United States District Court, W.D. Pennsylvania
NICOLE WELKER and JUSTIN BRINKLEY, individually, and CHARLES B. HADAD, ESQUIRE, as Guardian Ad Litem on behalf of JDWBII, a minor, Plaintiffs,
THOMAS A. CARNEVALE, M.D. and CLEARFIELD HOSPITAL, Defendants.
GIBSON, UNITED STATES DISTRICT JUDGE
before the Court are Plaintiffs' Motion in
Limine to Preclude Justin Brinkley's Prior Legal
History (ECF No. 71), Motion in Limine to Preclude
Litigation Analytics from Presenting JDWBII's Future Life
Care Costs Discounted to Present Value (ECF No. 73), and
Motion in Limine to Preclude Existence/Availability
of Health Insurance and Opinions/Calculations Based on the
Affordable Care Act (ECF No. 75). For the reasons that
follow, Plaintiffs' Motion regarding Justin
Brinkley's legal history is GRANTED, Plaintiffs'
motion regarding discounting future life care costs to
present value is GRANTED, and Plaintiffs' motion
regarding the Affordable Care Act is GRANTED.
a diversity action alleging medical malpractice and
negligence. Nicole Welker presented to Clearfield Hospital on
July 19, 2012, in active labor. She was treated by Dr. Thomas
Carnevale, the attending obstetrician. Plaintiffs allege that
Defendants Dr. Camevale and Clearfield Hospital failed to
provide appropriate medical care, including that they
improperly administered the drug Pitocin to Welker while she
was in labor, resulting in serious and permanent neurological
disabilities to her son, JDWBII. Defendants deny that their
actions were negligent or constituted malpractice. Trial is
scheduled to begin on January 17, 2017. Plaintiffs have filed
three motions in Limine, which the Court will
discuss in turn.
a. Justin Brinkley's Prior Legal History
first request the Court exclude any reference to Plaintiff
Justin Brinkley's prior legal history relating to a
"legal matter" around the time of his son's
birth. (ECF Nos. 71 & 77.) On July 16, 2012, Dr.
Camevale recommended to Nicole Welker that they induce labor
on July 18, 2012. (ECF No. 77 at 2.) Welker asked to
delay the inducement of labor until the onset of natural
labor or she reached 41-42 weeks gestation, to which Dr.
Camevale agreed. (Id.) Welker declined inducement on
July 18, 2012 because Brinkley, her boyfriend and the
baby's father, had a court hearing out of town in Erie,
Pennsylvania on July 19, 2012. (Id.) The hearing was
a preliminary hearing for an arrest on charges for possessing
stolen property, possession of marijuana and drug
paraphernalia, and a firearm charge. (Id. at 3.) Despite
postponing inducement, Welker ended up going into labor and
giving birth on July 19, 2012, while Brinkley was in Erie.
(Id. at 2) The testimony of Dr. Carnevale and
Brinkley, as well as the reports of two defense experts make
reference to Brinkley's legal matter. (Id. at
2-4.) Plaintiffs request the Court preclude any such
reference at trial on the grounds that Brinkley's
criminal hearing is irrelevant to the claims in this case and
would be unfairly prejudicial. Defendants did not file a
brief in opposition with respect to this motion.
the Federal Rules of Evidence, evidence is relevant if
"(a) it has any tendency to make a fact more or less
probable than it would be without the evidence; and (b) the
fact is of consequence in determining the action." FED.
R. EVID. 401. A court may, however, exclude relevant evidence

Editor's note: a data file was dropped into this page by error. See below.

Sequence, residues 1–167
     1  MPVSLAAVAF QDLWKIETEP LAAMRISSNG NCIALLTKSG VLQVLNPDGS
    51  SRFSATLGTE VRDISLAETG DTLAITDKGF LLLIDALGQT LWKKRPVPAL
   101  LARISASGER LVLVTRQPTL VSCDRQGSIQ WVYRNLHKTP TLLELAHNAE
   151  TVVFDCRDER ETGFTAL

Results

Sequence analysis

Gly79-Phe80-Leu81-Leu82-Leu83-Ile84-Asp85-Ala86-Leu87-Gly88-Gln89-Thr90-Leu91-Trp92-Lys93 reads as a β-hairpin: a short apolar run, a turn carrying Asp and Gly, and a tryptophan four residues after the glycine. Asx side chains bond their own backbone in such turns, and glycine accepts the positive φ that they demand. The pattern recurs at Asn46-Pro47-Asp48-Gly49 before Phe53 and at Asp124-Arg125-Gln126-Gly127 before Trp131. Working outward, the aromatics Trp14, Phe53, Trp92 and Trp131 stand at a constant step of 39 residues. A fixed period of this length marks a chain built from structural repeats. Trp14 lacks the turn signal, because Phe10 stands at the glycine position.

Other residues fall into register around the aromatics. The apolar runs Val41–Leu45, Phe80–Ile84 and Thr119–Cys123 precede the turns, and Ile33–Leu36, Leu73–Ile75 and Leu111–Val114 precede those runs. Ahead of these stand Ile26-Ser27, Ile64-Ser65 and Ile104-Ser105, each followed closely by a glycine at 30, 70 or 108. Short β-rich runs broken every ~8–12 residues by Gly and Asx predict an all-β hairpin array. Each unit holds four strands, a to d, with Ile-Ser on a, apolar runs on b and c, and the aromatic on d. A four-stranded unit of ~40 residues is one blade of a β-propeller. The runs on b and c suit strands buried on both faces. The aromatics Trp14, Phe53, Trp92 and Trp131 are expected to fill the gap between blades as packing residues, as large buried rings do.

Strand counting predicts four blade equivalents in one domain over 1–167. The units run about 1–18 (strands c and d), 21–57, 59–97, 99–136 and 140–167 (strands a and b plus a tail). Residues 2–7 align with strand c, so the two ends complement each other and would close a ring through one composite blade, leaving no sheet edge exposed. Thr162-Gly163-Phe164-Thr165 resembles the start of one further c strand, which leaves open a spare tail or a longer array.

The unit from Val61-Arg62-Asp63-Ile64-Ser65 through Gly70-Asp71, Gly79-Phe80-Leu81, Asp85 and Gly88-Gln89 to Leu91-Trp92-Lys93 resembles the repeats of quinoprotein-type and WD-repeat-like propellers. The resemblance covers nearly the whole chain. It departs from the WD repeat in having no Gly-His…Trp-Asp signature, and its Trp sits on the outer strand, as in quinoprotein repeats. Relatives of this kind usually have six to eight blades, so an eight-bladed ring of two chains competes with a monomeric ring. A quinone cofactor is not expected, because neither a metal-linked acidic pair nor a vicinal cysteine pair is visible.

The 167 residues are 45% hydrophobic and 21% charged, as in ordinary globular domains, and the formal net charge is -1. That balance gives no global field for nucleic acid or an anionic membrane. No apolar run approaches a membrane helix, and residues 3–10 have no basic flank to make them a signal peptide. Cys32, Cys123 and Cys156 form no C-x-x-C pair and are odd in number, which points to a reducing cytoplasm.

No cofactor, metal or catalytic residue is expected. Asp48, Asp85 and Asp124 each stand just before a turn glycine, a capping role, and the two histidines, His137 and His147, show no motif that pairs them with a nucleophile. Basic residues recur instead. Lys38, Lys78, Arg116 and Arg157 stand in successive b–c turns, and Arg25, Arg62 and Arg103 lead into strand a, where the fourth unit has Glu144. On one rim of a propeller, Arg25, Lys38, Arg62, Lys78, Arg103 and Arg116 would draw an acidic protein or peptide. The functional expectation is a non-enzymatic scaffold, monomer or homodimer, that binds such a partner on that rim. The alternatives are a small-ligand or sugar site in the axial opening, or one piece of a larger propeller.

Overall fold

if its probative value is substantially outweighed by the
danger of unfair prejudice. Fed.R.Evid. 403. The Court agrees
that Brinkley's legal matter in Erie is not relevant to
the claims in this case. Where exactly Brinkley needed to be
on July 19, 2012 could not possibly have any relevance to
whether Defendants committed malpractice, a fact Defendants
evidently do not contest. In fact, Dr. Carnevale testified in
his deposition that the legal matter had nothing to do with
the medical outcome. (ECF No. 71-4 at 3.) The nature of the
legal matter would likewise be prejudicial against
Plaintiffs. Accordingly, the Court will grant Plaintiffs'
motion and preclude any reference to Brinkley's legal
b. Future Life Care Costs Discounted to Present
request the Court preclude one of Defendants' experts
from presenting to the jury JDWBH's future life care
costs discounted to present value. (ECF Nos. 73 & 78.)
Plaintiffs argue that Pennsylvania law provides that awards
for future medical expenses in medical malpractice cases
should not be discounted to present value. Defendants
declined to file a brief in opposition with respect to this
reading of Pennsylvania law appears to be correct.
See 40 P.S. § 1303.509(b) (outlining future
damages in medical malpractice cases); see also
Nicholson-Upsey ex rel. Nicholson v. Tuoey, No. 4525
NOV.TERM 2009, 2013 WL 8596353, at *21 (Pa. Com. PL May 7,
2013) (where the jury awarded damages for future medical
expenses as a total sum and the court subsequently discounted
the award to present value for the purpose of determining
attorney's fees only). Accordingly, the Court will grant
Plaintiffs' motion and preclude Defendants' expert
from presenting JDWBH's life care costs to the jury
discounted to present value.
c. Opinions and Calculations Based Upon the
Affordable Care Act
Plaintiffs ask the Court to preclude Defendants and their
experts from presenting opinions and calculations based upon
the Affordable Care Act ("ACA") with respect to
damages for future life care costs. (ECF Nos. 75 & 79.)
Plaintiffs, relying on several decisions from Federal
District Courts and the Pennsylvania Superior Court, argue
that coverage under the ACA is barred by the collateral
source rule, as recognized under Pennsylvania law. Defendants
argue in opposition that the collateral source rule is
inapplicable to the ACA, that the decisions cited by
Plaintiffs do not involve in depth reasoning and are not
binding on this Court, and Pennsylvania ...